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Atlanta 2040: What life will look like in the city’s third century
Suburbs must learn to share
By 2040, driverless cars and buses will likely accelerate three current suburban trends. First, we’ll continue to see many of our suburbs revitalize old Main Streets or retrofit former malls and office parks into the downtowns they never had. They’ll augment much-loved private realms with vibrant public spaces where people enjoy walking, socializing, and building communal trust through experiences they can’t get online. These suburbs will embrace the benefits of a shared economy by carpooling in robotaxi fleets and driverless shuttle buses.
Second, other suburbs will embrace individually owned driverless cars as extensions of their desire for privacy and escape. Driven more by fear than trust, these suburbs will exacerbate sprawl and traffic, doubling the number of car trips. Finally, metro Atlanta has one of the highest rates of increase in suburban poverty. I worry that declining tax bases will leave some suburbs unable to invest in the infrastructure required for driverless vehicles—making them vulnerable to predatory mobility companies or reducing residents’ opportunities.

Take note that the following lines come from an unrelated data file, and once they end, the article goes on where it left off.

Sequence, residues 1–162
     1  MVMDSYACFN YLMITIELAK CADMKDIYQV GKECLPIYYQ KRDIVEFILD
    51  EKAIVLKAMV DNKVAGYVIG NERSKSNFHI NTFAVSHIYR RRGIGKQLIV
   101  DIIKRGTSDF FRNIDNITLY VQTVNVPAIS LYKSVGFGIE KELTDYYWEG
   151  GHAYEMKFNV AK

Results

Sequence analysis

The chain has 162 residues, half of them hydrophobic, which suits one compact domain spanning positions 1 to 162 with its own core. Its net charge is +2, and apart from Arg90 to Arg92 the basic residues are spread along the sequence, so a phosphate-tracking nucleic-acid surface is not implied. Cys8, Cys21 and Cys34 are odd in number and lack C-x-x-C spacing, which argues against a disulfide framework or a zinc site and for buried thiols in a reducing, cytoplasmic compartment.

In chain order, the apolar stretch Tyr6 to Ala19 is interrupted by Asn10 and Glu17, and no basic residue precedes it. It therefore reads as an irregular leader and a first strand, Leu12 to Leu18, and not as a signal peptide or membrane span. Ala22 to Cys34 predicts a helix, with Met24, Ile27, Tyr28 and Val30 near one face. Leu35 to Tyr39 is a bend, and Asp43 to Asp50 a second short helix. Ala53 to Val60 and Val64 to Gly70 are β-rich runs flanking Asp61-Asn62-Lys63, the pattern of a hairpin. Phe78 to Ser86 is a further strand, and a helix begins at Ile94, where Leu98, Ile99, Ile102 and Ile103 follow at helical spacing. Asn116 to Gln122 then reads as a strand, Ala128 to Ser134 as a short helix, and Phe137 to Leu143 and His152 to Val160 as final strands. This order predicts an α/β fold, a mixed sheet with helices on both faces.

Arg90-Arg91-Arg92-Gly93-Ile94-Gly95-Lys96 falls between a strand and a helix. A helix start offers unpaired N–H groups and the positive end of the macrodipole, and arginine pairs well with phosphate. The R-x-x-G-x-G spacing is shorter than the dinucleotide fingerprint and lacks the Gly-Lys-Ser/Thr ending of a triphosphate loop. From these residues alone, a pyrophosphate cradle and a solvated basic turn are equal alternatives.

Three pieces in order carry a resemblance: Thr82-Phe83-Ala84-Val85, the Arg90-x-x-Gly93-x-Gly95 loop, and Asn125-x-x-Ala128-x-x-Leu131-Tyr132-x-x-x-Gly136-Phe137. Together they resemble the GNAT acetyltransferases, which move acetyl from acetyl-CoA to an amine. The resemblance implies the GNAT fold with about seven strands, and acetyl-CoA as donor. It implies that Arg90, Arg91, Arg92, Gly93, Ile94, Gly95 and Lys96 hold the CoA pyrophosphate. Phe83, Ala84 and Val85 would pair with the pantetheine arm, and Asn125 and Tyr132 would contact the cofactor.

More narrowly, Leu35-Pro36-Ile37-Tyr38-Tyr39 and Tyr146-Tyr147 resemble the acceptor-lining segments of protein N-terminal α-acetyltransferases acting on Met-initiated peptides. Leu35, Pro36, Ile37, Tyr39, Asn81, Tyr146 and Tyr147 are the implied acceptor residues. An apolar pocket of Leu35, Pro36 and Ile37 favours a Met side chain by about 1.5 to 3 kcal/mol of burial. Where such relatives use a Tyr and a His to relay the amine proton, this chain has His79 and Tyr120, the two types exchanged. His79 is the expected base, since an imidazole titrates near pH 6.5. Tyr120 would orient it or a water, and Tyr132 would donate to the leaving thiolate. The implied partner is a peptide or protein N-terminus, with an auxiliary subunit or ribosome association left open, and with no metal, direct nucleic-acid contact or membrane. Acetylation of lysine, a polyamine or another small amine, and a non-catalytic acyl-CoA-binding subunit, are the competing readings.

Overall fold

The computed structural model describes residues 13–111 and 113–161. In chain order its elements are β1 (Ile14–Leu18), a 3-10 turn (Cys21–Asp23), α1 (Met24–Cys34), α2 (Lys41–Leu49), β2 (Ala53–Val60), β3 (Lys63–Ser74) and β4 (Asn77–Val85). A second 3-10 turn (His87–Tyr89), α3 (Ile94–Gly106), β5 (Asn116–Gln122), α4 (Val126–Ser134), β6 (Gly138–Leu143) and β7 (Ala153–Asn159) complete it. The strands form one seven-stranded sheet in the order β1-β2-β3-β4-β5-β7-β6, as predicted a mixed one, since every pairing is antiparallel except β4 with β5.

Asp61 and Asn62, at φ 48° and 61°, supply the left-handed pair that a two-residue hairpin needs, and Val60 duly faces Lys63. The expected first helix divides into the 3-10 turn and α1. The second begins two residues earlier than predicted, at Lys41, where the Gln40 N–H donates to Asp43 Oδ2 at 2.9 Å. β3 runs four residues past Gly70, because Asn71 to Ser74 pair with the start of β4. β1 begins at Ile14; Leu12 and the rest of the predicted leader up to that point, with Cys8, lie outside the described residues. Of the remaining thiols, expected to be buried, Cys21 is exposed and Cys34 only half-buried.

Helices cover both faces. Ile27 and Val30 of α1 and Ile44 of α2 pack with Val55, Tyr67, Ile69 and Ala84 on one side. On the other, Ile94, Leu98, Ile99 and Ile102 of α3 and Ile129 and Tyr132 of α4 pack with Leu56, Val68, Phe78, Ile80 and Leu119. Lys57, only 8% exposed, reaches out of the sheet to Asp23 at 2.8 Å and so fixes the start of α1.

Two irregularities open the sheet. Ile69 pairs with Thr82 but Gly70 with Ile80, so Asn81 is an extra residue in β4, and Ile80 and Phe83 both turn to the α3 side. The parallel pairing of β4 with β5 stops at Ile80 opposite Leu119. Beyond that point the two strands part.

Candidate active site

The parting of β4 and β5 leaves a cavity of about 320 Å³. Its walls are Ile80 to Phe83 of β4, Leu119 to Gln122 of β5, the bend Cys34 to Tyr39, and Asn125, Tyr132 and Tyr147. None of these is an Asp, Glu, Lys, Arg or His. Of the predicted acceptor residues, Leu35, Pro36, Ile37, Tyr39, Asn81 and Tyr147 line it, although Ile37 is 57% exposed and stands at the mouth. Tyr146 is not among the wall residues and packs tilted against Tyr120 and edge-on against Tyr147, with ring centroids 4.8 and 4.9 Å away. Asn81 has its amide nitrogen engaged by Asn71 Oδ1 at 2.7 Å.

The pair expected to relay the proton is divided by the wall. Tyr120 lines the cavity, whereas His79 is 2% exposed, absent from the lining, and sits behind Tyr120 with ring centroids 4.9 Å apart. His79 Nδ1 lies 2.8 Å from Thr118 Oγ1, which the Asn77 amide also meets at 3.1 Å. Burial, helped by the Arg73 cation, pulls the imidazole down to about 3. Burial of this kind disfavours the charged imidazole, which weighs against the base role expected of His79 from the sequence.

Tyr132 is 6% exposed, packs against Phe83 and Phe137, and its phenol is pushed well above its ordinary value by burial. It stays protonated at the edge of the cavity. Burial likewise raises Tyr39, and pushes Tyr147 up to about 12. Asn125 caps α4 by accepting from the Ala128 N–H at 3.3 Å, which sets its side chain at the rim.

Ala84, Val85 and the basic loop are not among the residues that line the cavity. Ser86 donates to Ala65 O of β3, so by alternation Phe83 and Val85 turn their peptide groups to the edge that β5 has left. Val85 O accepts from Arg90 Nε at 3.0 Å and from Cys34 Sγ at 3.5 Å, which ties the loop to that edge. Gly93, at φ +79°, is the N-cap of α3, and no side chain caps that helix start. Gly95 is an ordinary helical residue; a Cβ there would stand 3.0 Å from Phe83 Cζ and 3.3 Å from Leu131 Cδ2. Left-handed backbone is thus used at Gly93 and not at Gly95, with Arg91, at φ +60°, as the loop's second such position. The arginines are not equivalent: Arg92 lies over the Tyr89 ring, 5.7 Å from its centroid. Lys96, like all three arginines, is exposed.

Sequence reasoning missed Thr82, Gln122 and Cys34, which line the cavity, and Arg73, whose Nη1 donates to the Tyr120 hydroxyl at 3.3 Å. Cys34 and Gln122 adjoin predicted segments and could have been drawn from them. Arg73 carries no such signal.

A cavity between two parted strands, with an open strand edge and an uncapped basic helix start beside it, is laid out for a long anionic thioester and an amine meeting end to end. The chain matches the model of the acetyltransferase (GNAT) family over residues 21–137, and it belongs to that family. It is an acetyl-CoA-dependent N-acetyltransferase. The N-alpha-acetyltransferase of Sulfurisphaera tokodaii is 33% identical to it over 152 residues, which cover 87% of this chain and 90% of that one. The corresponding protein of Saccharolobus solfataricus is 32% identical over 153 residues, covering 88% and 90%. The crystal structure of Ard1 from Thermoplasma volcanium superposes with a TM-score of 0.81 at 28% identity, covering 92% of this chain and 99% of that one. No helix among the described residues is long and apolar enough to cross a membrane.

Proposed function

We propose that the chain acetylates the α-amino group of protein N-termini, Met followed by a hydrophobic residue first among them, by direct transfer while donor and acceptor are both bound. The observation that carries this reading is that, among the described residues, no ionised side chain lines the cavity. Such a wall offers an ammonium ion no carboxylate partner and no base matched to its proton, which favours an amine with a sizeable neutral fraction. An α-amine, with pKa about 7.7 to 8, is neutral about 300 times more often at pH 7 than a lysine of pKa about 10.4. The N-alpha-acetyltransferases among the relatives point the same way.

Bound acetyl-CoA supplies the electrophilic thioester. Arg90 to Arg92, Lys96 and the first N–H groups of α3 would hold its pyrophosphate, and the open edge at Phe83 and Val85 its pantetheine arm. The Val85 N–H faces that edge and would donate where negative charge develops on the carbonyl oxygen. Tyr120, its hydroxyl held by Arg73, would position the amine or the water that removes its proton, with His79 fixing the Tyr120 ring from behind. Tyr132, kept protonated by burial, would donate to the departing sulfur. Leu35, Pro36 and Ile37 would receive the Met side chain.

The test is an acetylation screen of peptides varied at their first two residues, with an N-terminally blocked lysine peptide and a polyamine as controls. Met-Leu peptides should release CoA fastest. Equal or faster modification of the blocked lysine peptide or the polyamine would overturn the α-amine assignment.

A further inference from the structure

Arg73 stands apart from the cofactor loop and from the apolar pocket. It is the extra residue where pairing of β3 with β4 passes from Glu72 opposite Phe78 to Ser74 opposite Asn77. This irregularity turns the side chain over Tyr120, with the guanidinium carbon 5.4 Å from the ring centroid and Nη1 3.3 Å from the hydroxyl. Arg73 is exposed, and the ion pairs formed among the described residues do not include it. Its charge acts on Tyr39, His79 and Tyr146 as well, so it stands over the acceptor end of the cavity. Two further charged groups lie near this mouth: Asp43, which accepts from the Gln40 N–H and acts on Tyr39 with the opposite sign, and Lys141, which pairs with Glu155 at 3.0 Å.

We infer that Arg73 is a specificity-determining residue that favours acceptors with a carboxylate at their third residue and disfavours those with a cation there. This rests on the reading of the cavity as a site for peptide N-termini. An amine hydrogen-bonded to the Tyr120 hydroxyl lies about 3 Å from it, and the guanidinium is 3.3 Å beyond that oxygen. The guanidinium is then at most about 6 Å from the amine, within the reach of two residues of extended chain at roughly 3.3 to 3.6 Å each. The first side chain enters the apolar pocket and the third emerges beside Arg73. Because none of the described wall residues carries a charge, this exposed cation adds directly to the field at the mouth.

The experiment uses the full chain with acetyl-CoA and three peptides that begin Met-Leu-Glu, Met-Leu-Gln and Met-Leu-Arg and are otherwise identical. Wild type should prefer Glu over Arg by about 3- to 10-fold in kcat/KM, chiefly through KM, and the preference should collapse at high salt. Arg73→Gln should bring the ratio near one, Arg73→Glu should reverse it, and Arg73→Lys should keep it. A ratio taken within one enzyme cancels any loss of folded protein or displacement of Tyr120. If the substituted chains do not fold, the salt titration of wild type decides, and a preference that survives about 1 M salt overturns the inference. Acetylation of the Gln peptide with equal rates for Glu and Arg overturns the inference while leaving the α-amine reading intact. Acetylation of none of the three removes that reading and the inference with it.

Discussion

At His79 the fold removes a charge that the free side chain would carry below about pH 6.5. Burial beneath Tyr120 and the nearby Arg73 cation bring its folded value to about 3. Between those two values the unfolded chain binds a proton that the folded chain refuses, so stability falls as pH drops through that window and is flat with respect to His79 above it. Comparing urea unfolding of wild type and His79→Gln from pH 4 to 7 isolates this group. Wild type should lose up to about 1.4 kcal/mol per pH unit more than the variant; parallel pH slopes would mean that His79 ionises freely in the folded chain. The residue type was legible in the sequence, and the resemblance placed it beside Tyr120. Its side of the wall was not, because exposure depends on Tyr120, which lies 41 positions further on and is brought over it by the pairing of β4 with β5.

—Ellen Dunham-Jones, professor of urban design at Georgia Tech’s School of Architecture and co-author, Retrofitting Suburbia: Urban Design Solutions for Redesigning Suburbs